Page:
The Debate is Over, But the Lessons Remain (Not a Political Post)

For the past seven months, I have been working as a Project Manager for the Presidential Debate that took place at UNLV last week. It was an amazing opportunity to be involved in such a high-profile event, and to see how much behind-the-scenes effort goes into putting together a project of that scope. I was fortunate to work with an incredible team who persevered through months of hard work to deliver a successful outcome. And even though it was stressful and demanding at times, I am grateful for the experience.

The Debate was definitely a unique project, unlike any I have worked on before (and probably unlike any I will work on again). Even so, it served as another reminder of a few key principles that are important for any job, regardless of size, nature, or objective: communication, teamwork, flexibility, and a positive attitude.


Effective communication is vital. Always. Whether it’s two people or 200, the ability to convey and interpret messages is essential to success. The bigger the project, the more difficult this can be, because it involves more people, more information, and more potential for errors. Be clear and concise, but also be prepared to offer more detail when needed, or to explain in a different way if necessary. And ask questions! It seems many people are afraid that admitting that they don’t know something, or don’t fully understand a request, is a negative quality. But, asking for clarity shows that you are making the effort to do it right, and can also save a great deal of time and energy.


Nearly all projects, regardless of scope, involve multiple people working together. And while combining different personalities can cause tension and other problems, it can also expose you to new (and sometimes better) ways of working. The key is to remember that everyone is trying to achieve the same goals – a successful project and a happy client. A team is strongest when people focus on the tasks they do best, so don’t be afraid to speak up when something is out of your wheelhouse. It’s great to be ambitious and want to expand your skills, but it’s also important that you don’t hold up the rest of the team while you figure it out. Take your ego out of it, and embrace the opportunity to both teach and learn from others.


In business and in life, change is constant. You can plan to the best of your ability, but the slightest detail can change and throw it all off course. But, rather than getting hung up on how things were supposed to be, or how they should have been, you’re better off going with the flow and adapting to the new direction (which will probably change numerous times along the way). Most of the time, these changes are out of your control anyway, so the best you can do is remain flexible, accept the new challenge, and show off your problem-solving abilities.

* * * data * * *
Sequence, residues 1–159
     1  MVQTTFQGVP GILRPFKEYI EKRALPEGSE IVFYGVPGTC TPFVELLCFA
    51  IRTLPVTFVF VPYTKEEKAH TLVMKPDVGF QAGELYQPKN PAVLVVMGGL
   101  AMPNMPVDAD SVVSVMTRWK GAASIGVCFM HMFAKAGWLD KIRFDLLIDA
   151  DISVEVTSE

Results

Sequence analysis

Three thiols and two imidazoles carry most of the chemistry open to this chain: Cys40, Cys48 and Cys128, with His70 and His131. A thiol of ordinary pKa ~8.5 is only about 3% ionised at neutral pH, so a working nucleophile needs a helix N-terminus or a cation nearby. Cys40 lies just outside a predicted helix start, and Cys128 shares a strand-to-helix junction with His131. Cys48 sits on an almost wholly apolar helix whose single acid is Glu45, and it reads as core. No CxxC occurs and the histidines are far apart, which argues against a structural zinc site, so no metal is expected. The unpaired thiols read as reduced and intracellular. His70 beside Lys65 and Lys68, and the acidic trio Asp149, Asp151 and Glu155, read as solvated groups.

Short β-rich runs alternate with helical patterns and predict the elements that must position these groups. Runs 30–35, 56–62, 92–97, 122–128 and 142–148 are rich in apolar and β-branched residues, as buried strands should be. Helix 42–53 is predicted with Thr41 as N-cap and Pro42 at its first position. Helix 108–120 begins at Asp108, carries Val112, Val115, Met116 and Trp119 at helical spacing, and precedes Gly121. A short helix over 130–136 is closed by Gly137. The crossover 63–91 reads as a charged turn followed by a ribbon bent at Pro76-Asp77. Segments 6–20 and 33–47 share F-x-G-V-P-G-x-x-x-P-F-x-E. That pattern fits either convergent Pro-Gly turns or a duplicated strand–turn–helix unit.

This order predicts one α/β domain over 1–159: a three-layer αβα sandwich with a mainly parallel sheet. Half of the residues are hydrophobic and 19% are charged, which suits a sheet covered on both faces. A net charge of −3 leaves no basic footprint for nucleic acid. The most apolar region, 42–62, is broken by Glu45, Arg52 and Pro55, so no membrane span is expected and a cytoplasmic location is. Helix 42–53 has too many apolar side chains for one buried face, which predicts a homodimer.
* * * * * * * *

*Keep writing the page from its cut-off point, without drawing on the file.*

I’ve always believed that a positive attitude is one of the most important assets a person can have. Behavior is infectious, and the way you carry yourself (good or bad) can have a huge impact on those around you. This becomes especially important in high-stress, busy situations. You can complain about what is going wrong and bring others down with you. Or, you can remind others that, even when situations are not ideal, the best you can do is let it go of any negativity and keep focused on doing the best job you can do. Not to say that a good venting session isn’t therapeutic, because sometimes just verbalizing your frustration is the best way to move on. But, the longer you dwell on adversity, the longer you will stay unhappy, and likely bring others down with you. Instead, if you can take the challenges in stride, keep a smile on your face, and maybe even make someone laugh, you can keep the team moving forward in a positive manner.

Whether you are working on a small project with a few people, or a huge project with hundreds, these simple concepts are essential. No matter what the situation may be, if you communicate efficiently, collaborate well with your team, remain flexible, and keep a positive attitude, you are setting yourself up for success. And, you never know who you might meet along the way, what new skills you might learn, or what overall impact it could have on your career. I hope the Presidential Debate is just the first of many unique, challenging, and rewarding projects I will work on as I take Aardvark Girl into the future!

Amanda McCuneComment